Ohio’s sales tax-free weekend has begun

Ohio
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COLUMBUS, OH (WKBN) – Ohio’s sales tax holiday is this weekend. 

From Friday, August 3 through Sunday, August 5, certain items will be exempt from state and county sales and use taxes.

The following items are exempt from sales and use tax:

  • Clothing priced at $75 per item or less;
  • School supplies priced at $20 per item or less; and 
  • School instructional materials priced at $20 per item or less.     

It’s an opportunity for parents to receive some tax relief during back-to-school shopping, which will also stimulate economic activity for Ohio’s retailers.

This year’s sales tax holiday was established by the state operating budget, House Bill 49.

This year’s back-to-school sales tax holiday is the fourth consecutive one to be held in Ohio. The legislature also passed Senate Bill 226 to make it an annual occurrence during the first weekend of August.

The Ohio Department of Taxation provides detailed information about the sales tax holiday on its website, including information about what is and what is not exempt from sales tax during the holiday.  

Ohio Attorney General Mike DeWine also offered the following tips so shoppers can protect themselves against scams: 

  • Plan ahead. Consider in advance the kind of purchases you want to make, and review the Department of Taxation’s FAQs to understand what is and what is not exempt from sales and use tax during the sales tax holiday. Also research sellers’ reputations by reading customer reviews and checking for complaints on file with the Ohio Attorney General’s Office and Better Business Bureau.
  • Understand return policies before you buy. In Ohio, sellers can choose to set their own return policies, including policies of “no returns,” but they should clearly tell you what their return policy is before you check out or complete the transaction. For example, the return policy shouldn’t be posted only on the back of a receipt.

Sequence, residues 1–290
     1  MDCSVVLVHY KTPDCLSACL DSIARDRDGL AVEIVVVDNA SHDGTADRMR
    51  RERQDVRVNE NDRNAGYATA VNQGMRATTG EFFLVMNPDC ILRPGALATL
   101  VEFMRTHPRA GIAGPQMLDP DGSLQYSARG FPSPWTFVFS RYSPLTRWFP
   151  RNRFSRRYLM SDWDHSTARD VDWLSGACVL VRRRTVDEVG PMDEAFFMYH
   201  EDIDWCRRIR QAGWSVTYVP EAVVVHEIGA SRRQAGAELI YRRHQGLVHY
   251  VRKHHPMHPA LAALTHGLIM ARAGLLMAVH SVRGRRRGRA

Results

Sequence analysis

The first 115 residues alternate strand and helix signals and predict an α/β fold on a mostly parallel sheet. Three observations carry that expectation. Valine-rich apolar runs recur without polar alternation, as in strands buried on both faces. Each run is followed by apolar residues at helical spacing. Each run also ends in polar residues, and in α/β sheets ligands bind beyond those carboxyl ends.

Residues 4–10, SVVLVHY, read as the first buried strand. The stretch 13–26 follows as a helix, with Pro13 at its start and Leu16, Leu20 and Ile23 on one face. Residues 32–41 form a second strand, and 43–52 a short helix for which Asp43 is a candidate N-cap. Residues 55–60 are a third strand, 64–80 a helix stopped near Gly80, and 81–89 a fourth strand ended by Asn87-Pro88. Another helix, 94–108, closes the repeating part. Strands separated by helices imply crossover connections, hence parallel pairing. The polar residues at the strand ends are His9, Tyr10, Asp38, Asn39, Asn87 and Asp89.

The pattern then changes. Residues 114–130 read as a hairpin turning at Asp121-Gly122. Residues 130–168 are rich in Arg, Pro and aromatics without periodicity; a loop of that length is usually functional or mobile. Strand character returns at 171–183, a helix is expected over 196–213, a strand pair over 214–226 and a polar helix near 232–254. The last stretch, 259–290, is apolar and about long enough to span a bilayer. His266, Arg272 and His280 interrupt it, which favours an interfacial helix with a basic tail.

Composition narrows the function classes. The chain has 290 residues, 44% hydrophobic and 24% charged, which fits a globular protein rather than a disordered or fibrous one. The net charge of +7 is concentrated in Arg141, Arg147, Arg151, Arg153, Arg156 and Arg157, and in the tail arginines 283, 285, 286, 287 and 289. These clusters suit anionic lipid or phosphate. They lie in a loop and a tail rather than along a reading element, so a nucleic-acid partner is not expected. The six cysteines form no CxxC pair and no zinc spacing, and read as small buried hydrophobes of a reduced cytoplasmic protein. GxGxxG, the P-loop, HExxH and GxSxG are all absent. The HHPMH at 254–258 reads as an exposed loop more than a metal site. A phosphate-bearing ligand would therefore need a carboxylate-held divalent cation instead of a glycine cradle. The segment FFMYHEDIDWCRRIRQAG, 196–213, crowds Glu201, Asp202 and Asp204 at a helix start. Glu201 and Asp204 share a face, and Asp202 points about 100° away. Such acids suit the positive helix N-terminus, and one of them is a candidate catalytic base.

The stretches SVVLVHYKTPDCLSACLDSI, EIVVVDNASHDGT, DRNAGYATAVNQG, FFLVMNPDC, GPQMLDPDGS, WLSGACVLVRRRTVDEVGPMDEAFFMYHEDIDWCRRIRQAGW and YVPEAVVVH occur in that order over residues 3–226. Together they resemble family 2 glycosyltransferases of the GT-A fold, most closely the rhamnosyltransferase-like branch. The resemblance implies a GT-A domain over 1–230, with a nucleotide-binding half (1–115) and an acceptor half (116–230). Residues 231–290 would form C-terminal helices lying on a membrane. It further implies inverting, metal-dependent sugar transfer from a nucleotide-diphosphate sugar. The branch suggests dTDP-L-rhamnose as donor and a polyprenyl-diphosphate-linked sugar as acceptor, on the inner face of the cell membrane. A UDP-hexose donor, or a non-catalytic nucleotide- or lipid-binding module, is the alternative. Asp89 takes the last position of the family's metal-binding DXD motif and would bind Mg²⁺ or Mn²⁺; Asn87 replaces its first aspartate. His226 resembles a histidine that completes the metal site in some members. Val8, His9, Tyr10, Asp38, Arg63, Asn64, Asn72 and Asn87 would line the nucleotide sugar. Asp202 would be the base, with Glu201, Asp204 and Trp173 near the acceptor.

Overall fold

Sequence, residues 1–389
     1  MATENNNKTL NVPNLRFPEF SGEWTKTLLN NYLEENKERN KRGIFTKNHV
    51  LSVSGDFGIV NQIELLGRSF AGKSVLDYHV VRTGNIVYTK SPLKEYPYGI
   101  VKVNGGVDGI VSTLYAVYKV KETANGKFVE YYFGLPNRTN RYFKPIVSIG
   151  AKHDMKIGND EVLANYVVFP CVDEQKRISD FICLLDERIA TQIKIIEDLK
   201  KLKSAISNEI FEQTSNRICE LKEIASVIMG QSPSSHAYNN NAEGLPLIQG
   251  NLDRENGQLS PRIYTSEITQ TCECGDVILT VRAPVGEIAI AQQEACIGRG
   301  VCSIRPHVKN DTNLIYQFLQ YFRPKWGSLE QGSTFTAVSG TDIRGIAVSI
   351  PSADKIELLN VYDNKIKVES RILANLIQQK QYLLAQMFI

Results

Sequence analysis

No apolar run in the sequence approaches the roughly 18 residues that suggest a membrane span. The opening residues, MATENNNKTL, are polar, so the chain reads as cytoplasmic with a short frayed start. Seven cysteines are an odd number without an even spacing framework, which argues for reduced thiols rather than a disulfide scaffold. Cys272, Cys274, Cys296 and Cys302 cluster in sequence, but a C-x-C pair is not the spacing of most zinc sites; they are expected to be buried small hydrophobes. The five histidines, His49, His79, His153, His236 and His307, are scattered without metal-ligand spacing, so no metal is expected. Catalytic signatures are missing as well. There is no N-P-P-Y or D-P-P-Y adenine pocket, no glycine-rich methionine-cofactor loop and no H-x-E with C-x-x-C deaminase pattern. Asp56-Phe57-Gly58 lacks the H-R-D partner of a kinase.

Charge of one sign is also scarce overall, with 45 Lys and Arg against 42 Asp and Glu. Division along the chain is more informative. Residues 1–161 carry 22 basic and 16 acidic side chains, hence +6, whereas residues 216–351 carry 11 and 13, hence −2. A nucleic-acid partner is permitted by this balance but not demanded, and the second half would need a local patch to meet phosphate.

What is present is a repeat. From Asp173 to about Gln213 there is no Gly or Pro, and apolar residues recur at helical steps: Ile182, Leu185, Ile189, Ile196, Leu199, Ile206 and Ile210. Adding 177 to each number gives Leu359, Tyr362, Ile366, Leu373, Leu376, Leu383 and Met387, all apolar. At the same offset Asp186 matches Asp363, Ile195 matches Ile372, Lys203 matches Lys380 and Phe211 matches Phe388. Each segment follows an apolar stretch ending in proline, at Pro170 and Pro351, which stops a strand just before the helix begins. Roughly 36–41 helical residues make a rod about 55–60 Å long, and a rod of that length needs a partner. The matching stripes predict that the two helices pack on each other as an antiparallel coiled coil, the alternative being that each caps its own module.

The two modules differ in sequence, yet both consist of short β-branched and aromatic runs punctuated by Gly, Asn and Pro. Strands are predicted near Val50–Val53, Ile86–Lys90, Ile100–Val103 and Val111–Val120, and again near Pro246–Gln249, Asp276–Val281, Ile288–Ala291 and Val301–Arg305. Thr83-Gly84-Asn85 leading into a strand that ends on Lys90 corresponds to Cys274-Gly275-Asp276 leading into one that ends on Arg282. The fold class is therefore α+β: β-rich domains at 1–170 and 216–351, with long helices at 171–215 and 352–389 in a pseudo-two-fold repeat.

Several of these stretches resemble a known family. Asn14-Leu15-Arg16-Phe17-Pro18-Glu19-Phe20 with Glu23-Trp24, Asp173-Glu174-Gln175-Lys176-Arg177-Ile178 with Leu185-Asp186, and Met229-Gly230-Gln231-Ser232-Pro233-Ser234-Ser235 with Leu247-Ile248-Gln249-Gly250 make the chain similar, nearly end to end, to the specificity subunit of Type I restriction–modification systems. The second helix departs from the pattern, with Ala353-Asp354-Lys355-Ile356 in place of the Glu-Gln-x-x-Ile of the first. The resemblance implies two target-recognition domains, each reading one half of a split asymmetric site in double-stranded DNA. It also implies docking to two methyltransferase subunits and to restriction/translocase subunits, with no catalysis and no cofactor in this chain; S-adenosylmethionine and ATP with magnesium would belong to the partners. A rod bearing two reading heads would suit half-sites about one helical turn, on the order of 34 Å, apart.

• Stay safe online. The tax holiday applies to qualifying online purchases in addition to qualifying in-store purchases. When shopping online, research websites you plan to use and make sure your connection is secure before you enter any personal information or payment details. (In the web address, look for the “s” in “https” or a lock symbol.) Also consider paying with a credit card, which generally gives you stronger protections to dispute unauthorized charges.  
  • Check the exclusions and limitations of an offer. Exclusions and limitations must be clearly disclosed in advertisements, including online, so review terms and conditions carefully before you go to the store or make a purchase.
  • Keep your receipts. Maintaining a complete record of a sale will help you handle problems that may arise after the purchase. Keep receipts, copies of advertisements, photos of products, and other documentation until the transaction and billing process are complete. 
  • Monitor your accounts. Regularly check your credit card and bank accounts for unauthorized charges or unexpected activity. If you find problems, immediately notify your credit card provider or bank. The sooner you identify a problem, the sooner you can work to correct it. 
  • Protect your personal information. Don’t carry around extra, unneeded credit cards, debit cards, or other sensitive information in your wallet or purse. Also limit giving out your personal information. Check privacy policies to see how sellers will use your information.
  • Watch for scams. Con artists operate year round. If you receive an unexpected message saying there’s a problem with your computer or you’ve won a grant you never applied for, it’s likely a scam. Be wary if someone requires you to pay using a gift card, wire transfer, or money order. Con artists often ask for payment using one of these methods.

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